Rates of HIV Falling: Gay Men Still More Vulnerable Than Most

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By: Eric Brus*—

The U.S. Center for Disease Control and Prevention (CDC) reports that annual HIV diagnoses fell 19% in the U.S. from 2005 to 2014, primarily as a result of large and continuing declines in new diagnoses among several population groups, including heterosexuals, people who inject drugs, and African Americans―with the greatest declines occurring among Black women. In contrast, the trends among gay and bisexual men were mixed, varying widely by race and ethnicity. Eugene McCray, director of the U.S. Center for Disease Control and Prevention (CDC) Division of HIV/AIDS Prevention presented these data at the opening of the 2015 National HIV Prevention Conference in Atlanta, Georgia. [pullquote]In contrast, the trends among gay and bisexual men were mixed, varying widely by race and ethnicity.[/pullquote]

McCray reported that, among White gay and bisexual men, new diagnoses fell steadily, declining a total of 18% during the past decade. In sharp contrast, new HIV diagnoses among Latino gay and bisexual men continued to rise and were up 24% since 2005. Similarly, new diagnoses among Black gay and bisexual men also rose 22% since 2005, but that increase leveled off since 2010. A similar pattern was seen among the subgroup of young Black gay and bisexual men ages 13 through 24. In that age group, annual HIV diagnoses rose a total of 87% between 2005 and 2014, but the increase was concentrated in the first half of that period. The trend has largely leveled off, with a small decline of two percent occurring between 2010 and 2014.

“Although we are encouraged by the recent slowing of the epidemic among black gay and bisexual men―especially young men―they continue to face a disproportionately high HIV burden and we must address it,” noted Jonathan Mermin, director of CDC’s National Center for HIV/AIDS, Viral Hepatitis, STD, and TB Prevention. “Much more must be done to reduce new infections and to reverse the increases among Latino men. There is hope that the National HIV/AIDS Strategy and other efforts are beginning to pay off, but we can’t rest until we see equal gains for all races and risk groups.”

In their analysis of trends in HIV diagnoses, CDC researchers focused on two time periods, 2005 through 2014 and 2010 through 2014, to provide both a decade-long perspective as well as a more recent view of trends. Their key findings, including data on the total number of diagnoses in different demographic groups and transmission categories, are summarized below: [pullquote]In sharp contrast, new HIV diagnoses among Latino gay and bisexual men continued to rise and were up 24% since 2005. Similarly, new diagnoses among Black gay and bisexual men also rose 22% since 2005, but that increase leveled off since 2010.[/pullquote]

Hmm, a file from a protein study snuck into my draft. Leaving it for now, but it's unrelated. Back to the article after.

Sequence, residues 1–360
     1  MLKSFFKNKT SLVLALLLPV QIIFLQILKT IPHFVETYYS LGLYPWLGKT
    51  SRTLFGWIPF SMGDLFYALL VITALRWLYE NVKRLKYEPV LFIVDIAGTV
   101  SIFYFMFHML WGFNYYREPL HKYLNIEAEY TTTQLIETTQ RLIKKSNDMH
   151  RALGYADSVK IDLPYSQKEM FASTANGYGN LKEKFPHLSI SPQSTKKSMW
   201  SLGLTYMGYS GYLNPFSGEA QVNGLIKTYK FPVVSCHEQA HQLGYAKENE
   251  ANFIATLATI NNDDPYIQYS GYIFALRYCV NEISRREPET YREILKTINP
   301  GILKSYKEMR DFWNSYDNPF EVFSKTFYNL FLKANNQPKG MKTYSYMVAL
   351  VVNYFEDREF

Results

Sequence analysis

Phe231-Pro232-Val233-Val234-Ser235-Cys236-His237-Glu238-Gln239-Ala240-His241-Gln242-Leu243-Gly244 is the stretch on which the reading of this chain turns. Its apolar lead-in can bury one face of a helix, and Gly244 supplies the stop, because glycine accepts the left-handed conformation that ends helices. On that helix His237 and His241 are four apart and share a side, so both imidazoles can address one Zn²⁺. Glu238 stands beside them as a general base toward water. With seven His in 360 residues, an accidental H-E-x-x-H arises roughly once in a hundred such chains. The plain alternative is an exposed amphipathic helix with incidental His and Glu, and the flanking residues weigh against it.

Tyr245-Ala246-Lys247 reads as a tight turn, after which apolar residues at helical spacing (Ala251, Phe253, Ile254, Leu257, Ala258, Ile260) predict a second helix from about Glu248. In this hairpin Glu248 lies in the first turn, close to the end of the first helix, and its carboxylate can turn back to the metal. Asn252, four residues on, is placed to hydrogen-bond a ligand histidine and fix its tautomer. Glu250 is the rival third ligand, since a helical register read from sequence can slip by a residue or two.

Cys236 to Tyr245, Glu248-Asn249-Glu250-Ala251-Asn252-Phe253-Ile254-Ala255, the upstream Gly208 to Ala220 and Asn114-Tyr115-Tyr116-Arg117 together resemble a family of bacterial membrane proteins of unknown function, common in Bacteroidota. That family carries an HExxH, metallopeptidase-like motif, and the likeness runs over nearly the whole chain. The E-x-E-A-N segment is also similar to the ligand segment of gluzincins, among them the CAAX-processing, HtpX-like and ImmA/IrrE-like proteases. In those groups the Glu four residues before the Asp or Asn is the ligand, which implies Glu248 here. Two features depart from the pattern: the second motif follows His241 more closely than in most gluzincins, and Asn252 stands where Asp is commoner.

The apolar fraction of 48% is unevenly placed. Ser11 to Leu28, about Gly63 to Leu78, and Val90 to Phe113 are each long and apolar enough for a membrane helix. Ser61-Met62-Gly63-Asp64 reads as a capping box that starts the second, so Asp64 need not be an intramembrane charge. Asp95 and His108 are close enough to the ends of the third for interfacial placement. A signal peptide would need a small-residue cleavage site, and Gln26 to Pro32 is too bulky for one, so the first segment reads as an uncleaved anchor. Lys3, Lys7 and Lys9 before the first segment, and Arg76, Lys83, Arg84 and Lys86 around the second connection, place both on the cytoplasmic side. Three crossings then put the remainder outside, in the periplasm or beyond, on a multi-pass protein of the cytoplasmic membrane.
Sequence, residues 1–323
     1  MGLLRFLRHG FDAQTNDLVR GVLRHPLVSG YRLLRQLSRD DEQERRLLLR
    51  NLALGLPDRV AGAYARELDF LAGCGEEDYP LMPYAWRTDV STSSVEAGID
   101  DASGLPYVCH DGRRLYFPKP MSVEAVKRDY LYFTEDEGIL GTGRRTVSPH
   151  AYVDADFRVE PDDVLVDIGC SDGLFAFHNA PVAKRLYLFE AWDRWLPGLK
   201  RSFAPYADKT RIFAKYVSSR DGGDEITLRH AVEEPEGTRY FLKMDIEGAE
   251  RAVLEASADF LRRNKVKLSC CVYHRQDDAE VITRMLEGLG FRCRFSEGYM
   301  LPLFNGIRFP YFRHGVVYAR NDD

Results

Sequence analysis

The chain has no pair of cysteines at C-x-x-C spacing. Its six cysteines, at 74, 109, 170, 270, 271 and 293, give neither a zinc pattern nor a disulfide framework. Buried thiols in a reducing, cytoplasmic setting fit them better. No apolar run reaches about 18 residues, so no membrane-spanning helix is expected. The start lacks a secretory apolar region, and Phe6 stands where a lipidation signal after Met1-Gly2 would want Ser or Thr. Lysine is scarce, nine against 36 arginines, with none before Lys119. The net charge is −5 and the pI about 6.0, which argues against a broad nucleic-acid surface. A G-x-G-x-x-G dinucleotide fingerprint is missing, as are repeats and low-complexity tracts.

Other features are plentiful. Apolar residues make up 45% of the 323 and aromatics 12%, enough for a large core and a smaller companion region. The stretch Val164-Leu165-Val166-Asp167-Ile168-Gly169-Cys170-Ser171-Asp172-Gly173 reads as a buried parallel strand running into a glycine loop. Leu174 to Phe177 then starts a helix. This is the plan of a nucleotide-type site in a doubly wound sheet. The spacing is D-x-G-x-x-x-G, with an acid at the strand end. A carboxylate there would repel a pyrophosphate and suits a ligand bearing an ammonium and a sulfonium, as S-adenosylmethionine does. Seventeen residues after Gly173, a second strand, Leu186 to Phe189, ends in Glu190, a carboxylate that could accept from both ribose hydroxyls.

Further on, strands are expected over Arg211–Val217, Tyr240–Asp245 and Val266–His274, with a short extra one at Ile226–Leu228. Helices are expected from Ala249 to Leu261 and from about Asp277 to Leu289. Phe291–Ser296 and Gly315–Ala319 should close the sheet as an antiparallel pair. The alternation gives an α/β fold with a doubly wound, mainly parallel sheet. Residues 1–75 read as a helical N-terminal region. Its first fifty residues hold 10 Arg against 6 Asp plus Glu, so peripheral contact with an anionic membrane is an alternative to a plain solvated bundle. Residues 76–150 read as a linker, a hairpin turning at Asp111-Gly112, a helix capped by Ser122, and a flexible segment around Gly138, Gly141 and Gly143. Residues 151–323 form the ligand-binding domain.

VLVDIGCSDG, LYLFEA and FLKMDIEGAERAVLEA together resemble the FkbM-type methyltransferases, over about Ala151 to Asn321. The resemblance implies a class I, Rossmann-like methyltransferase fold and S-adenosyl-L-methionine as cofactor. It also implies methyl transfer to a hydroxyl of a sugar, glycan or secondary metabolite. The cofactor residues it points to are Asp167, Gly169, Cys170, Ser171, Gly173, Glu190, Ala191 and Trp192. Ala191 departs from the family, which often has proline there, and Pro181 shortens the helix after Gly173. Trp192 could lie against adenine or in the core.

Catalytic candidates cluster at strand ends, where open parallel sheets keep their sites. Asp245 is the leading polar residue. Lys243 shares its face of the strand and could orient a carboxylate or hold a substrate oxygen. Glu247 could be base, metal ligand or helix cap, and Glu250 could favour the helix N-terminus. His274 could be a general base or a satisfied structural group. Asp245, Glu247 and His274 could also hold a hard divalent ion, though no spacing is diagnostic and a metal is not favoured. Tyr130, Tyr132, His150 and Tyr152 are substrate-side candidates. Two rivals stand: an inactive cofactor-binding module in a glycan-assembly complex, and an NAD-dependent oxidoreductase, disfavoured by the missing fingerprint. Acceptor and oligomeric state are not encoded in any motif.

• Between 2005 and 2014, the annual number of HIV diagnoses in the U.S. declined 19% (from 48,795 to 39,718 per year) – thanks largely to substantial decreases among heterosexuals (down 35%) and people who inject drugs (down 63%).
  • HIV diagnoses among Black women fell 42% (from 8,020 to 4,623) between 2005 and 2014. A 25% decline occurred between 2010 and 2014.
  • Considered as a whole, the annual HIV diagnoses among gay and bisexual men rose about 6% over the decade (from 25,155 to 26,612). However, as noted above, there were large racial/ethnic disparities in the trends in HIV diagnoses among gay and bisexual men.
  • In particular, annual HIV diagnoses fell steadily among White gay and bisexual men—both over the decade (decreasing 18% from 9,966 to 8,207) and in the most recent five-year period (decreasing 6% from 8,766 to 8,207).
  • In contrast, new HIV diagnoses among Black gay and bisexual men increased by 22% (from 8,235 to 10,080) during the decade but stabilized in the most recent period (10,013 in 2010 to 10,080 in 2014).
  • While Black gay and bisexual men ages 13 through 24 experienced a steep increase in diagnoses over the decade (87% from 2,094 to 3,923), diagnoses among young Black gay and bisexual men actually declined slightly (2%, from 3,994 to 3,923) in the period 2010 through 2014.
  • Finally, diagnoses continued to increase among Latino gay and bisexual men—both over the decade (by 24% from 5,492 to 6,829) and in the most recent five-year period (by 13% from 6,060 to 6,829).

CDC analysts found that HIV testing remained stable or increased among the groups that experienced declines in new HIV diagnoses in recent years. As a result, they believe the decreases in diagnoses reflect a decline in new HIV infections. Similarly, because HIV testing remained stable among Latino gay and bisexual men during this period, the increases in HIV diagnoses suggest HIV infections are likely increasing in this group.

CDC Estimates That There Are Over 1.2 Million Candidates for PrEP in the U.S.

In recent years, a growing number of studies have shown that, when used properly, pre-exposure prophylaxis (PrEP), medication that interferes with HIV’s attempts to establish an infection and which, if taken daily, can dramatically reduce the risk of HIV infection. If PrEP were widely available and used among persons at greatest risk for HIV infection, it might substantially decrease the number of new HIV infections. CDC researchers recently analyzed data from national population-based surveys to estimate the percentages and numbers of persons with indications for PrEP in each of three transmission-risk populations: gay, bisexual, and other men who have sex with men (MSM); heterosexually active adults; and persons who inject drugs. Their findings are published in an article in the November 27 issue of the Morbidity and Mortality Weekly Report (MMWR).